Could Anthony Weiner’s district be spared, thanks to non-partisan redistricting?
Governor Cuomo said his plan to have an independent panel draw legislative lines in New York would replace “a process that has been widely criticized for placing political considerations that protect incumbent office-holders and partisan objectives above the people’s interest in fair and equal representation.”
But the proposal’s biggest supporter, former New York City Mayor Ed Koch said he woudn’t have a problem if Weiner’s seat was drawn out of existence.
“It would be stupid to think there are no political considerations,” Koch told me in an interview. “If you have someone who is under attack for a host of reasons, similar to that of Weiner, and the Democratic Party believes it would lose that seat if Weiner ran, there’s nothing wrong with if they have to give up the seat, to say that’s the seat we will give up. I don’t see anything wrong with that.”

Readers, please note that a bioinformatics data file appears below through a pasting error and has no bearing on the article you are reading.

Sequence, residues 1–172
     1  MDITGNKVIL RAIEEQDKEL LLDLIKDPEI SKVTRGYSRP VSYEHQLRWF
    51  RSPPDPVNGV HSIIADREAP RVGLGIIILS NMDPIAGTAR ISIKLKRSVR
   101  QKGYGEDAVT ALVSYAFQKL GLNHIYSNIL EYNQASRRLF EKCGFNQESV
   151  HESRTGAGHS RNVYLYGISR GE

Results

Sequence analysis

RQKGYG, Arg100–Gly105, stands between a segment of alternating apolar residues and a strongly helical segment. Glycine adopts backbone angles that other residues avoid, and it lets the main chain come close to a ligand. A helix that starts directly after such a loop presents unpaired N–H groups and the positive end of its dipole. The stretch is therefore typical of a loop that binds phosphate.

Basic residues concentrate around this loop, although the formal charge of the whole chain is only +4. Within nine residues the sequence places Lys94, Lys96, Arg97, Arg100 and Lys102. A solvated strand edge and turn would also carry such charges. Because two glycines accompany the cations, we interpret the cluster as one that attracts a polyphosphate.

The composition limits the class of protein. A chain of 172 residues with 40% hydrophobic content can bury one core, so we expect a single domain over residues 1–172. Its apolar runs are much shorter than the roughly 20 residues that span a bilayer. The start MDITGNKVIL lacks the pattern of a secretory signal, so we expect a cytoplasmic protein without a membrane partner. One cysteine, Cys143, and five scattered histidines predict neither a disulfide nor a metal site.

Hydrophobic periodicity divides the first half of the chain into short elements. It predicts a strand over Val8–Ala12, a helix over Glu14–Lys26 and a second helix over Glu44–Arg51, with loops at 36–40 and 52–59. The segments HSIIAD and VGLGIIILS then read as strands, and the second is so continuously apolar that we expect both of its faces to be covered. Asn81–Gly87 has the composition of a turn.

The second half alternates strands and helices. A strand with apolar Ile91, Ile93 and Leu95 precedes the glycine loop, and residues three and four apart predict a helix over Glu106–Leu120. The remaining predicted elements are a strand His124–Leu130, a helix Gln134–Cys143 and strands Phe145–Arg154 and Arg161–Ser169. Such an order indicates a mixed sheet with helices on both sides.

Koch, though, did say Weiner could be protected, if redrawing following empirical census information.
“The city hasn’t lost population,” said Koch. “It’s upstate that lost population. So, it may be that they have to look upstate to eliminate two seats; one Democrat and one Republican.”
Another supporter of non-partisan redistricting, Citizens Union executive director Dick Dadey, said there’s always politics in the way legislative lines are drawn.
“Before this revelation, he was assured of having a safe seat. I would imagine that he is now in a position like [Kathy] Hochul, who just got elected” said Dadey, referring to the congresswoman who recently won a surprising victory in New York’s 26th congressional district, near Buffalo.
Dadey said the process of drawing lines under the new plans are “based more on merit but they’re not apolitical. You can never take the politics out of redistricting, whether it’s non-partisan or not. There’s always going to be decisions made who to place up against each other. Those who are not on strong ground are more vulnerable, no matter who draws the line.”
He added, “Non-partisan redistricting is not apolitical.”
For what it’s worth: Weiner doesn’t support non-partisan redistricting.